The economy in the northern part of the island differs considerably from the economy of the Republic of Cyprus since, among other reasons, the economic ties between the two sides are small.
Economic growth rates in the Republic of Cyprus (2.9%) may be lower than those in the north (4.5%), and the unemployment significantly higher, however, the per capita income is much higher in the Republic of Cyprus. Per capita GDP in the north according to 2015 data is 58% of that in the Republic of Cyprus.
Meanwhile, the dependency of the economy in the north on Turkey is very extensive, with “governmental” structures being maintained due to the financial help from Turkey. The data for the economy in the north between the period 2010-2015 will be cited from Lecturer in Turkish-Middle Eastern Studies, Nicos Moudouros.
According to Moudouros, the TC economy, which is reliant on Turkish sponsorship and tourism, has been developing these past few years with a more rapid pace. In fact, during 2014, the growth rate touched 5%, while in 2015 it reached 4.5% During 2012 and 2013, the growth rate was lower (0.5% and 1.3% respectively). Moudouros notes that the economy in the north in 2016 is stalling, with lower growth rates expected.
According to the data, the GDP for 2015 reached $3.61 billion, lower than 2010 when it was estimated at $3.75 billion. In 2014, however, GDP surpassed $4.03 billion. In 2011 the GDP was at $3.9 billion, $3.84 billion in 2012, and $3.96 billion in 2013.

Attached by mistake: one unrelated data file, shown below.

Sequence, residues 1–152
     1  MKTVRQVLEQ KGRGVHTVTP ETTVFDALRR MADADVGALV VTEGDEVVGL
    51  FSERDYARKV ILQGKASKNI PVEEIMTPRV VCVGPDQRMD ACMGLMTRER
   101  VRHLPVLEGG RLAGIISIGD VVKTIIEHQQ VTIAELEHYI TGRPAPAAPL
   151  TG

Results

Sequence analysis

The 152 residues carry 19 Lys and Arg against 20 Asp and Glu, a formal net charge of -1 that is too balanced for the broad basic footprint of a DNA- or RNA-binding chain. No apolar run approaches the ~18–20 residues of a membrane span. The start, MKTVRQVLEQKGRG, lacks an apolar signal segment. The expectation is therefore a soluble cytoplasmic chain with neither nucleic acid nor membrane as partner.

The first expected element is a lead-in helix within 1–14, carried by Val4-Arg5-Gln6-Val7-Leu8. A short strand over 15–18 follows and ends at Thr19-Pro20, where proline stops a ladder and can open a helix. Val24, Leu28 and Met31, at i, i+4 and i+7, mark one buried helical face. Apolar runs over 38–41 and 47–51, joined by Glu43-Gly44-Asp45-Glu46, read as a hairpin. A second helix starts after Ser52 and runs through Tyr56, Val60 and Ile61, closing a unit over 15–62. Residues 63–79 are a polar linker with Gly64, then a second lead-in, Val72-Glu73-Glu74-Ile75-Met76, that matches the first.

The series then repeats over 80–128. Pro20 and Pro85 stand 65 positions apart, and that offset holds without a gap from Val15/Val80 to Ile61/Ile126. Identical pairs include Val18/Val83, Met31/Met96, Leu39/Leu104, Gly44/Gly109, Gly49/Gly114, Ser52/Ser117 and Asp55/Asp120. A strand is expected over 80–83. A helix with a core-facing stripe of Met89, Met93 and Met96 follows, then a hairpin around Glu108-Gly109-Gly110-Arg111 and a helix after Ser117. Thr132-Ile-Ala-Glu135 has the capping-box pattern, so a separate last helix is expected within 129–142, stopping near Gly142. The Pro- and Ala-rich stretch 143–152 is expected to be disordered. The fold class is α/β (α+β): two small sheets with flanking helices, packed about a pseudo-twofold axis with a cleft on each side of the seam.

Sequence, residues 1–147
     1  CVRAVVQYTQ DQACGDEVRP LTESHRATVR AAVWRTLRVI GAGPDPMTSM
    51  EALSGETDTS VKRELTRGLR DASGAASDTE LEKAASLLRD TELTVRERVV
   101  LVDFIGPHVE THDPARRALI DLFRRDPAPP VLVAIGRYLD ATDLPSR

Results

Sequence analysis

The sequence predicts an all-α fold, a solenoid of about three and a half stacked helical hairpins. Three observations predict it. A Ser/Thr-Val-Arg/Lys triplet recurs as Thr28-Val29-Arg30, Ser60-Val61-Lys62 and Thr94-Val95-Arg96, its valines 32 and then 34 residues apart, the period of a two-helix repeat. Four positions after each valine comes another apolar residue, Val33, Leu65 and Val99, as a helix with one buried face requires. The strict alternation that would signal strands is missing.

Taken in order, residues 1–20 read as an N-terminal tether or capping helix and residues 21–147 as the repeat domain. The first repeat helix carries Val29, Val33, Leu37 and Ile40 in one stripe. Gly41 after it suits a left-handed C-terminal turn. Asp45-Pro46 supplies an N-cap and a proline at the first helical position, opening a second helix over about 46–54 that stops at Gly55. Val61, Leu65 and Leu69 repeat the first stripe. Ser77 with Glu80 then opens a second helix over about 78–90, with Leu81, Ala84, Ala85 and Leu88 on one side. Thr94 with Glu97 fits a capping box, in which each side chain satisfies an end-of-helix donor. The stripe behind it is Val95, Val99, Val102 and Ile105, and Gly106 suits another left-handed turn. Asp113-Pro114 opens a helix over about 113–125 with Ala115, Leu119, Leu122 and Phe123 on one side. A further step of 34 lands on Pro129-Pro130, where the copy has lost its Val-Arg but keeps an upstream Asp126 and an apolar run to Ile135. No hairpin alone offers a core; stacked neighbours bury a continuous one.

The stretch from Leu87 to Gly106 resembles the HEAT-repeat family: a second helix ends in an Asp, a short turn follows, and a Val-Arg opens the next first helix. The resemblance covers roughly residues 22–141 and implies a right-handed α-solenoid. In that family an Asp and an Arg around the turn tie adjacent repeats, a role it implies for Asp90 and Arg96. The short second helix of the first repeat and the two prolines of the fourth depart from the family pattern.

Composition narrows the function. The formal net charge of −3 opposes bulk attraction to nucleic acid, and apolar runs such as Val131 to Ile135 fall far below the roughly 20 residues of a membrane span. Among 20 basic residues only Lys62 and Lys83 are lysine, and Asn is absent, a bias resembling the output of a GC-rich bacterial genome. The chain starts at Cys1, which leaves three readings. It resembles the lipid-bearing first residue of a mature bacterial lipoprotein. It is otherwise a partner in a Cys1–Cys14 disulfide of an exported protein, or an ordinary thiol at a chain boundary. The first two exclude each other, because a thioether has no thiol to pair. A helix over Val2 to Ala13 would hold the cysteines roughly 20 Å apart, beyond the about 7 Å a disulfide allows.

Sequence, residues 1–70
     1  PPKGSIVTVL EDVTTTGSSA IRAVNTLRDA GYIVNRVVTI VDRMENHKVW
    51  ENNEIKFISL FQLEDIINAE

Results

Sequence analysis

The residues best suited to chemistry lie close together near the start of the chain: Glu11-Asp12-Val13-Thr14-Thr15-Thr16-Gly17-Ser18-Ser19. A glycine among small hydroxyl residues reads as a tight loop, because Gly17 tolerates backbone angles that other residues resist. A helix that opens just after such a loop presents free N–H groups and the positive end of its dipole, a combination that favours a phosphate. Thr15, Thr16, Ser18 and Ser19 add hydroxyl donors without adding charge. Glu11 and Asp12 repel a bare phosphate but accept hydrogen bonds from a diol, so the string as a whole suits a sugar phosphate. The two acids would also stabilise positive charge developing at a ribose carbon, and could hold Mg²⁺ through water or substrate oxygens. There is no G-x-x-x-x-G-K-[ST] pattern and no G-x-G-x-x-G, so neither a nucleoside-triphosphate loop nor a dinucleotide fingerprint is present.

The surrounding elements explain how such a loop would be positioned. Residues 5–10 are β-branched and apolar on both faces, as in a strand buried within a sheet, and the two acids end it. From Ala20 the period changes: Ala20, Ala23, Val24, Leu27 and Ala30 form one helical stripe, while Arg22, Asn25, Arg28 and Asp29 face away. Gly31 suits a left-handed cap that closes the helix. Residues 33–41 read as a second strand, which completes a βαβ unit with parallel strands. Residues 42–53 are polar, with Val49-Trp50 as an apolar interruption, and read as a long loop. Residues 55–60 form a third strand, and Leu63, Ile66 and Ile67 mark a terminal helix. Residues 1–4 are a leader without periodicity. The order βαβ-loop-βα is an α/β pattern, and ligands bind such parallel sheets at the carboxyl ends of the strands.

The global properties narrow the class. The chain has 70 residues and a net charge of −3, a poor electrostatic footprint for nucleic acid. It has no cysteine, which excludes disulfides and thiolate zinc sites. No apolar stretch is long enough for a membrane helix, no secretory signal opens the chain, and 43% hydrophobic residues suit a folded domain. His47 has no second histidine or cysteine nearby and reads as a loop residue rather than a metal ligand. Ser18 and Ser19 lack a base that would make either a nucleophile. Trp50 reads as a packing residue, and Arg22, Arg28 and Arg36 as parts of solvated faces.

Meanwhile inflation is quite high at 7.8% in 2015, while the devaluation of the Turkish lira is damaging to those with lower incomes. Unemployment is steadily at 8% since 2012.
The balance of external trade remains negative, since imports greatly surpass the value of exports. This is indicative of the extensive dependency of the north to Turkey, since the majority of imports come from Turkey.
In 2015 the trade deficit reached $1,719 million as imports reached $1,861 million and exports $141.5 million.
As for the per capita income of the average resident in the north, it reached $13,457 in 2015, compared to $15,109 in the previous year and $15,032 in 2013, while the best year was 2011 with per capita income reaching $15,404.
A significant source of revenue for the north is tourism, with the number of tourists visiting increasing during the past five years. 902.4 thousand tourists visited in 2010, while in 2015 1.5 million tourists visited the north, the majority of which (1.1 million) came from Turkey.